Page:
I blogged on Wednesday on the press generated by FIRE’s successful effort to get Virginia Tech President Charles Steger to shelve a requirement that would have more deeply ensconced a "diversity" requirement for tenure and promotion for the university’s arts and sciences faculty. FIRE’s efforts and success at Virginia Tech were reported by The Chronicle of Higher Education (subscription required) and the Richmond Times-Dispatch as well as several blogs.
You also may have noticed that there was a bit of a ruckus kicked up by University of Pennsylvania professor John L. Jackson, Jr., in a post on Brainstorm, a blog maintained by The Chronicle of Higher Education. Professor Jackson’s post prompted this rebuttal from Adam and Will, as well as dozens of comments from readers defending FIRE’s work.
I’m also thrilled to report that, as of this writing, FIRE’s short film Think What We Think…Or Else: Thought Control on the American Campus has crossed 19,000 views on YouTube in just two weeks, nearly doubling in views this week alone. Thanks so much to the bloggers and tweeters—or, as sportscaster Tony Kornheiser calls them, "tweeple"—who have helped the film spread so quickly. (WorldNetDaily‘s article on the video has also been helpful.)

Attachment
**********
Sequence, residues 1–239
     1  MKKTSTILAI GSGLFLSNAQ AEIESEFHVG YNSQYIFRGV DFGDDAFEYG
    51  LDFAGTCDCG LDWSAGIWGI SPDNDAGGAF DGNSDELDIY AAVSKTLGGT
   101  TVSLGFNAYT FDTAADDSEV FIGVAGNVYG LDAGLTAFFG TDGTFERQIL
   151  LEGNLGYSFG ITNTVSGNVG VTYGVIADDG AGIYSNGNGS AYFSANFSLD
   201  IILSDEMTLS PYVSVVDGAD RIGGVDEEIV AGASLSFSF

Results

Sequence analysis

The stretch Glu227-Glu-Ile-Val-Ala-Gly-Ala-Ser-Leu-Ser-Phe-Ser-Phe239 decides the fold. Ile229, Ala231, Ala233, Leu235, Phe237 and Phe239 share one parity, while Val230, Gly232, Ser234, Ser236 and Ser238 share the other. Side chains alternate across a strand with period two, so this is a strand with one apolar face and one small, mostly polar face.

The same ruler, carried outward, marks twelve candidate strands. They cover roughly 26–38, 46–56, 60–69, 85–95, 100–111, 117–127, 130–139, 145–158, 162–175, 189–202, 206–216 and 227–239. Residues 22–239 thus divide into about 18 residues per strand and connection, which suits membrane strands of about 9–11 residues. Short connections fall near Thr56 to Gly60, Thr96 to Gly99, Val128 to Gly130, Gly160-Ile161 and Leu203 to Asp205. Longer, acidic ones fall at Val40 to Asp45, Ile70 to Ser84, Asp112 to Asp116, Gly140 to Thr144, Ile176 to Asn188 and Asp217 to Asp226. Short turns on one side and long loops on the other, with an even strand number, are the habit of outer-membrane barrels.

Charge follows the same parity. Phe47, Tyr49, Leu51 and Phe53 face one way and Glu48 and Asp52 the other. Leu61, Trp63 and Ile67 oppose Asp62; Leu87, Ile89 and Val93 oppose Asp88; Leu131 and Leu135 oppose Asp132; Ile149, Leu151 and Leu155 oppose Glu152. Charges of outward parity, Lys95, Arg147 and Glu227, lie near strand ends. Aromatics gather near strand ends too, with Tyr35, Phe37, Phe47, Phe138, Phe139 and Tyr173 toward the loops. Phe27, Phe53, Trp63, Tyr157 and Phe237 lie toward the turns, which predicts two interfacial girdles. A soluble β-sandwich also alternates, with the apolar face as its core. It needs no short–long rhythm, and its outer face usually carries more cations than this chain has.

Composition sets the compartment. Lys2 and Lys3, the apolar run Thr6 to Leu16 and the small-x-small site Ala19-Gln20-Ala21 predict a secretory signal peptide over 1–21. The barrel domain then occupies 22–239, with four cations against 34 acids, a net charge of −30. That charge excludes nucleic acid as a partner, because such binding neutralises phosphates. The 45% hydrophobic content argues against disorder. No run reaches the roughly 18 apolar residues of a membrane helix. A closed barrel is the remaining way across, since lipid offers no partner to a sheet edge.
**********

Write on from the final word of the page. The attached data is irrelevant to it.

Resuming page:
And for the second time in a week, a FIRE staffer has helped frame the debate over the collision of First Amendment rights and NCAA recruiting regulations. Last week it was Adam featured in a widely read Associated Press article about a North Carolina State University student who was given a cease-and-desist letter by the school’s NCAA compliance officer over his Facebook site, which encouraged the recruitment of a top high school basketball player. This week Robert commented on a similar situation involving his alma mater, Duke University, for the Duke Chronicle.
Further, as many of you know, FIRE has been waging war against the University of Massachusetts at Amherst for its repeated displays of disrespect for free speech. We encourage FIRE friends to take action and send the UMass administration an e-mail through our activism page.